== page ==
Enhance the experience by staying with a local family BUT NOT a homestay. Again, if money is no object, a pricey homestay where all meals are provided might be just what you’re after. But if you’re looking for a similar experience minus the extortion just stay with a local family on Airbnb. The money goes straight into the pocket of the locals, you’ll have full autonomy with the ability to practice your Spanish each day and you’ll have complete control over your living situation. We stayed with a fabulous family in Estadio, Medellin, where the room cost us about $8 USD per night and we had a fantastic cultural exchange while we were there. They hardly spoke a word of English and it forced us to really use every bit of Spanish we had.
Want more info? Check out the below list of Medellin’s top Spanish schools including prices.
(Please not, all prices quoted are current as of March, 2019, and are for group classes. Most schools begin classes on Monday).
Colombia Immersion in both Laureles and Envigado (costs 575,000 COP for 20 hours per week with small discounts for three weeks or more)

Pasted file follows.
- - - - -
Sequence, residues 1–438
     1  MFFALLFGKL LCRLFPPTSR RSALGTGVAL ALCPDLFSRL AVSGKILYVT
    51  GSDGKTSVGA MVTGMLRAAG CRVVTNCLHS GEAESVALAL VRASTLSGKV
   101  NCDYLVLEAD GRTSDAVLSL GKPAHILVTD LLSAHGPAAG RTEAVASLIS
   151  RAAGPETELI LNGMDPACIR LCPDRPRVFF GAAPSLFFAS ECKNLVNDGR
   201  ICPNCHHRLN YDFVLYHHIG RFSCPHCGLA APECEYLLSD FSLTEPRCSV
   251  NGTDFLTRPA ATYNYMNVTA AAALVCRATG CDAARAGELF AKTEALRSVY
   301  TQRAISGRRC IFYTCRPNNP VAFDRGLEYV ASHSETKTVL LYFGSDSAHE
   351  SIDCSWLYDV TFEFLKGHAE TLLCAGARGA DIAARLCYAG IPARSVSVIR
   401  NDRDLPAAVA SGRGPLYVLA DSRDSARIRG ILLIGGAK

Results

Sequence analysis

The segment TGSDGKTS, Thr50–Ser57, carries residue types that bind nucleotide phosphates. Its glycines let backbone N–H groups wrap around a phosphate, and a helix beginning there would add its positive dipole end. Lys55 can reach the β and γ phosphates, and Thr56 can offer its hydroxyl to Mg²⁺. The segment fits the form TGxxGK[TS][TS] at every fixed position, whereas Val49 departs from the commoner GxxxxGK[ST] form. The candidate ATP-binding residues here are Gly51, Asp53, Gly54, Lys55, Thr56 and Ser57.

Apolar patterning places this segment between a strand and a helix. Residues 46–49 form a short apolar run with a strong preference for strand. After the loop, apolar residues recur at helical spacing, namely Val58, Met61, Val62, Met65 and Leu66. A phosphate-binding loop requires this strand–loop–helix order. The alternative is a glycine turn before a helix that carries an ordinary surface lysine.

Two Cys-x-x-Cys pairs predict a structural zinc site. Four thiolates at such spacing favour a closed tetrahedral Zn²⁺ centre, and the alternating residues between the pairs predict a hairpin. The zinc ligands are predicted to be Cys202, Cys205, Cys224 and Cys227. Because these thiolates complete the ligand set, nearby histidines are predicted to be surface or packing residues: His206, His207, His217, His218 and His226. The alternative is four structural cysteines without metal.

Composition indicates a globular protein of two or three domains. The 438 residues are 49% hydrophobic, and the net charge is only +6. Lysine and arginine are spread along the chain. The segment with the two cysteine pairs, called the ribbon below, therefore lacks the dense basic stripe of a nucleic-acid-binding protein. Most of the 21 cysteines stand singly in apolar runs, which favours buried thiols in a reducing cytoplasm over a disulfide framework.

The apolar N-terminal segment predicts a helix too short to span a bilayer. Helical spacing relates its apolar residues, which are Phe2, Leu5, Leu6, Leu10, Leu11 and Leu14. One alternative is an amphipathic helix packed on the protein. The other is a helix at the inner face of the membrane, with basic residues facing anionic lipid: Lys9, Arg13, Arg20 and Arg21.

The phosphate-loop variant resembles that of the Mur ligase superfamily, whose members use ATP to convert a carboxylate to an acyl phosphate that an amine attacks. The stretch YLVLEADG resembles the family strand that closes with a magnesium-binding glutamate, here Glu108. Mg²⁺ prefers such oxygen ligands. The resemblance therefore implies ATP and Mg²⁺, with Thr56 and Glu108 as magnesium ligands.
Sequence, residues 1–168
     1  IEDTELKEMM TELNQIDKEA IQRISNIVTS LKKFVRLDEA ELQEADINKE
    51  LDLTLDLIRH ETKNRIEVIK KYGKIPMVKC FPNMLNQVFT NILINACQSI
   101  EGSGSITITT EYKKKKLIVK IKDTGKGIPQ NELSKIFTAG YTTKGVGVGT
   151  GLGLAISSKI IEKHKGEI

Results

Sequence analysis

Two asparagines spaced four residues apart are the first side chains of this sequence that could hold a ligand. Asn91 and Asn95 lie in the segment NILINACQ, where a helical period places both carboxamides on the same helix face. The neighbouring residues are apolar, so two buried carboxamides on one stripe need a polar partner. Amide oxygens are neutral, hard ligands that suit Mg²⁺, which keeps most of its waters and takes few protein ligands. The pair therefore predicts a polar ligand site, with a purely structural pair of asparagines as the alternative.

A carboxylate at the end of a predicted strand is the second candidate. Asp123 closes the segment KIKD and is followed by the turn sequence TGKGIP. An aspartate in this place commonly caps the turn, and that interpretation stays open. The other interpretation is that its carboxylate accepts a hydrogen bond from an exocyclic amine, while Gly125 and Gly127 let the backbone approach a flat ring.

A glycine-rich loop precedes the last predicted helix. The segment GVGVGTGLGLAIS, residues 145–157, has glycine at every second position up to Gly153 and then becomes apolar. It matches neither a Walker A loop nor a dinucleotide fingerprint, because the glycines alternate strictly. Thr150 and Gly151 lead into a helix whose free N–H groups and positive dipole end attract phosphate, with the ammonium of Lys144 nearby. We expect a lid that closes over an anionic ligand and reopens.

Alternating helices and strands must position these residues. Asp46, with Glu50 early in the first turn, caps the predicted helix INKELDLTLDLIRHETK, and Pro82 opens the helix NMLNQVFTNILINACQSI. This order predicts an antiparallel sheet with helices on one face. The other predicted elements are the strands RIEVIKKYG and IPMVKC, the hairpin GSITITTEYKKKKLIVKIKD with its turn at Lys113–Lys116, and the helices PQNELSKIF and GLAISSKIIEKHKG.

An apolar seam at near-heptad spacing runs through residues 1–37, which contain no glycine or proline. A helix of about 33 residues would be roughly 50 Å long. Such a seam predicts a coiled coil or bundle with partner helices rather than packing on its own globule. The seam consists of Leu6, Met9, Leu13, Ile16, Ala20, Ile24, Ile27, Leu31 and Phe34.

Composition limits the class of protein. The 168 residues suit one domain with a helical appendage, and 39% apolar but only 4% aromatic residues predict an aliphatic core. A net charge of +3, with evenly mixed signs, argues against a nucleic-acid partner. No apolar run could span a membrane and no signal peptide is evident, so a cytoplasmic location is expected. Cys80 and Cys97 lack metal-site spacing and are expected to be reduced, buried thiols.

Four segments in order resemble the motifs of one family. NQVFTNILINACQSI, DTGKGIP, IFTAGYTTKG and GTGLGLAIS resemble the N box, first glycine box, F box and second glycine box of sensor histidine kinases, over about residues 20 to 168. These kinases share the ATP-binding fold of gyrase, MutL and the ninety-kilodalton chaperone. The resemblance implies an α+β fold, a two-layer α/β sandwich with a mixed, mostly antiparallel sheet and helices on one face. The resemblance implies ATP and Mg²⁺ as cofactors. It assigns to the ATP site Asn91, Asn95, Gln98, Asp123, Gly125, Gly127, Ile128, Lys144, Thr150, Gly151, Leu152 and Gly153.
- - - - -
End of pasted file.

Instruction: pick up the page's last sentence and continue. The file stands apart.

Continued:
Total Spanish in Poblado (costs 560,000 per 20 hour week with discounts for courses over three weeks or if two or more people enrol)
EAFIT Universidad – Centro de Idiomas in Poblado area (costs 1,390,000 for a 38 hour course held over either two or four weeks)
OLSA in Laureles (costs 180,000 COP per week for 7.5 hours, discounts after two weeks or more).
Toucan Spanish School in Poblado (costs 575,000 per 20 hour week with small discounts after two weeks)
Universidad Pontifica Bolivariana – Centro de Lenguas in Laureles (costs 1,327,000 COP for a 40 hour course over four weeks)
Orquidea Spanish School, in Envigado (costs 475,000 COP + tax for a 20 hour week.
Elefun Spanish School, in Estadio (costs 560,000 COP per 20 hour week or 500,000 COP for three weeks or more